“In working with them, we always say things like, ‘You can do this. I believe in you.’ It’s not that they’re not getting this anywhere else, but we make a point of giving it to them every day. With the parents, too, we try to say something positive about their child every day. No one wants to hear something negative every day -- it makes the parents feel like failures.”

Most of the program’s 30 kids, who are students at Lewis (elementary) School or Carbondale Middle School, enrolled in 2007.

“The project is designed to follow a cohort of third-, fourth- and fifth-graders over three years, though we don’t have all the same ones we started with because of the district’s high mobility rate,” said Susanne C. Ashby, a research project specialist with SIUC’s College of Education and Human Services. Ashby helped put together the grant proposal underwriting the project and serves as liaison between its board and staff and the U.S. Department of Health & Human Services’ Office of Minority Health, the funding agency.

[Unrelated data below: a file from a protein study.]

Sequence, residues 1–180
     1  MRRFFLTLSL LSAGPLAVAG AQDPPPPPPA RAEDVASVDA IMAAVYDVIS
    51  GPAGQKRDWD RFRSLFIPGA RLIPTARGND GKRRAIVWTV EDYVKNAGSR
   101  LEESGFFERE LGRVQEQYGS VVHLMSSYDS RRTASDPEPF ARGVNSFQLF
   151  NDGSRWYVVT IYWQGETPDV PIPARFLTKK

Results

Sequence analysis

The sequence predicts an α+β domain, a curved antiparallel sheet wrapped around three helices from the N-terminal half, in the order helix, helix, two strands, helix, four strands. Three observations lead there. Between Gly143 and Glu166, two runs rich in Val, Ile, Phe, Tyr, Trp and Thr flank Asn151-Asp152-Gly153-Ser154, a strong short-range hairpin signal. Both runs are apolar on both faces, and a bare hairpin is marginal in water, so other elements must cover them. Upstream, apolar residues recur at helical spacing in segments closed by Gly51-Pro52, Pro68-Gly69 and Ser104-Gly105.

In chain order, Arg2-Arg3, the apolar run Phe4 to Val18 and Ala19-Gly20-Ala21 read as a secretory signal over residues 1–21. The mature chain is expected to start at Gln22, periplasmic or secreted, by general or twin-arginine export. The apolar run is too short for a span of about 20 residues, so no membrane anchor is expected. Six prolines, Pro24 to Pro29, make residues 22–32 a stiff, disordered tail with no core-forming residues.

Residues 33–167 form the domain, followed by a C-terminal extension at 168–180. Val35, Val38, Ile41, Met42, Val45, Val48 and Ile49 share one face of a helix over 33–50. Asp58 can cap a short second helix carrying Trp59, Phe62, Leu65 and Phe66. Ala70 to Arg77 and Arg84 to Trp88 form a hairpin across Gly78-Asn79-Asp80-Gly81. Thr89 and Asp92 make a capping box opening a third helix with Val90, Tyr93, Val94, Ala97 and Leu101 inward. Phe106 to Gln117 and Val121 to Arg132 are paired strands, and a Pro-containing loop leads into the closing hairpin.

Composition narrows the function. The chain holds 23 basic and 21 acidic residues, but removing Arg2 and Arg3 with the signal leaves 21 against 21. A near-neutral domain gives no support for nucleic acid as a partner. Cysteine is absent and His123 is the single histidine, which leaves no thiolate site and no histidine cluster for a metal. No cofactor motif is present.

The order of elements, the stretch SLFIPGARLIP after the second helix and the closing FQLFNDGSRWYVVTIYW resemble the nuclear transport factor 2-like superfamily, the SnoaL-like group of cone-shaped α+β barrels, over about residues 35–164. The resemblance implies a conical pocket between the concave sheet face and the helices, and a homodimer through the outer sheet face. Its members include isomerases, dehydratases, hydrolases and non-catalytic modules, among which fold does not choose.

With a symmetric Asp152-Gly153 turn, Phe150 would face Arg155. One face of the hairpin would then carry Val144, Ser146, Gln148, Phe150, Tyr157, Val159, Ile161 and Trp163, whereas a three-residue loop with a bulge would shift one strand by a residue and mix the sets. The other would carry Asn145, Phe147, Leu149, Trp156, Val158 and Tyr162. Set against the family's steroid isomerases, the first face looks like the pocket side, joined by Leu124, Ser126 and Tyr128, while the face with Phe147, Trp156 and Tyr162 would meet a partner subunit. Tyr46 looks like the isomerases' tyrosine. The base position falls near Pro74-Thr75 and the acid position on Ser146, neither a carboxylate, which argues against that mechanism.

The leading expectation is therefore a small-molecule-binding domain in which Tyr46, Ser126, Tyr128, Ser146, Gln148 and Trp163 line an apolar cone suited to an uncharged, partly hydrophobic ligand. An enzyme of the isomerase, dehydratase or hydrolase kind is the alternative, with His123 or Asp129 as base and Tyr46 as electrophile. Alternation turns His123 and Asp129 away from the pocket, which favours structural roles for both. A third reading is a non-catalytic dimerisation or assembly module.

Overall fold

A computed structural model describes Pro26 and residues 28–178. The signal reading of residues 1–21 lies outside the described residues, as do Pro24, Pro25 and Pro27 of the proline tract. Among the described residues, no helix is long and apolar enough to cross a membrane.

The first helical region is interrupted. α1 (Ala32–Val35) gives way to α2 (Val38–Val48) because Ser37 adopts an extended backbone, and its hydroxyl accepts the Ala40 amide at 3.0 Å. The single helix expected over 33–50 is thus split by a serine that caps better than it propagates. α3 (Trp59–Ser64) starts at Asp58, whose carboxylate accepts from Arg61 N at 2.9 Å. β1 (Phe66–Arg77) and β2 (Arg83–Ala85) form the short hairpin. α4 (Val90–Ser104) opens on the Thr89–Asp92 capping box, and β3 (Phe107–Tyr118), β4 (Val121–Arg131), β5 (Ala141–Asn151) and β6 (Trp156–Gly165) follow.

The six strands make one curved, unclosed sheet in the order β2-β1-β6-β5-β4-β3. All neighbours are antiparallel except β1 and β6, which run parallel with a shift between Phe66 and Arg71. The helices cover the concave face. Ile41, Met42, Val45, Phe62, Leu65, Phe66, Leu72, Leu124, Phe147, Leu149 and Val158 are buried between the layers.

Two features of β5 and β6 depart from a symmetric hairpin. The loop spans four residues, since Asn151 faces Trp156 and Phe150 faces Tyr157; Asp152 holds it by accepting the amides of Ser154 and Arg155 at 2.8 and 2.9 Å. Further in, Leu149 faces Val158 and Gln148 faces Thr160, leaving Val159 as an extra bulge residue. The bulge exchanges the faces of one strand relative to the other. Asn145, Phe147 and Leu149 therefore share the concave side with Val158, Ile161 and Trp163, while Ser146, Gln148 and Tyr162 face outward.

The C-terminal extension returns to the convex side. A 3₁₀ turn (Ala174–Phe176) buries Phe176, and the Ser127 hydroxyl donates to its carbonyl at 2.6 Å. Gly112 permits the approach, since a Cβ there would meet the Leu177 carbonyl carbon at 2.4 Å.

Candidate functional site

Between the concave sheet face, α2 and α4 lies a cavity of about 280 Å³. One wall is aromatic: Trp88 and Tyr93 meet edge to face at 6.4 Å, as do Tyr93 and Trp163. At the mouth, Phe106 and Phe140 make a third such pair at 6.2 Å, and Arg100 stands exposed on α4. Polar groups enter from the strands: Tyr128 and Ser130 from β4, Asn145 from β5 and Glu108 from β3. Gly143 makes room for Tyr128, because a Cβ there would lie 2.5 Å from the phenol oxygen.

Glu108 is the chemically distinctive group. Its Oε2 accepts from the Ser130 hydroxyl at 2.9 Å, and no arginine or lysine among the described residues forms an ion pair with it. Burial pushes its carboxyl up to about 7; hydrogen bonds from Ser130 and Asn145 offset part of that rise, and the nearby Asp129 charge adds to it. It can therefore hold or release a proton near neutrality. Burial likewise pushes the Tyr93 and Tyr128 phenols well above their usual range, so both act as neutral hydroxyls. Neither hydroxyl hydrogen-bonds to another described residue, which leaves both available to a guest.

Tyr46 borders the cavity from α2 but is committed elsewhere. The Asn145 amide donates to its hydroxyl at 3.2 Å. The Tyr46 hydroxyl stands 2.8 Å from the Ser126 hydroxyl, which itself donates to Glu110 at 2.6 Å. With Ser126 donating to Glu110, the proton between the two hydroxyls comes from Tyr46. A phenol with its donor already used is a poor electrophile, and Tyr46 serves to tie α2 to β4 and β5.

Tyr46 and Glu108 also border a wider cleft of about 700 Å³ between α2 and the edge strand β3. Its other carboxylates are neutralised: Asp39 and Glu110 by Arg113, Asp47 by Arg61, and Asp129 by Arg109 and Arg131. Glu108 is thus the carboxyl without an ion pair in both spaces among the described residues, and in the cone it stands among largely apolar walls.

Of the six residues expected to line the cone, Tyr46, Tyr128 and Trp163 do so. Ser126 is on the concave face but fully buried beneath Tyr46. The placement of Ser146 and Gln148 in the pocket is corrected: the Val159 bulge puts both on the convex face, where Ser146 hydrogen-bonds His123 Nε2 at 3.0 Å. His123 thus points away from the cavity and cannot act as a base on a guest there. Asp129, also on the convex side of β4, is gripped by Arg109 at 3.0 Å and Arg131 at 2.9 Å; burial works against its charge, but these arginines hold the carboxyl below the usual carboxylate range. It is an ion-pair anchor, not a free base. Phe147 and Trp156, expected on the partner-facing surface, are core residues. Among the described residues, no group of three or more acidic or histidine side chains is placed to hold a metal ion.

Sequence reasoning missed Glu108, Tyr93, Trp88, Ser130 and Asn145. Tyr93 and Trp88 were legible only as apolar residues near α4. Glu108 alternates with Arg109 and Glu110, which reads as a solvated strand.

“We measure progress by looking at test scores as well as changes in behavior and teacher assessments, but that’s not the whole story,” she said.

“We want the kids to come out of this with a solid handle on what healthy behaviors are -- everything from nutrition to staying away from drugs -- and see them embracing those behaviors even if they have no one helping them make better choices.”

The children selected for the program met certain criteria. They tended to come from single-parent families, were home alone between 3 and 6 p.m. (prime time for getting into trouble, according to the research literature), had low scores in math and reading and some behavioral problems, were recommended by teachers or counselors and had parents committed to the process.

“We have monthly support groups for the parents, and our staff contacts them each week,” Ashby said. “We also speak with the parents each day when they pick up their kids.”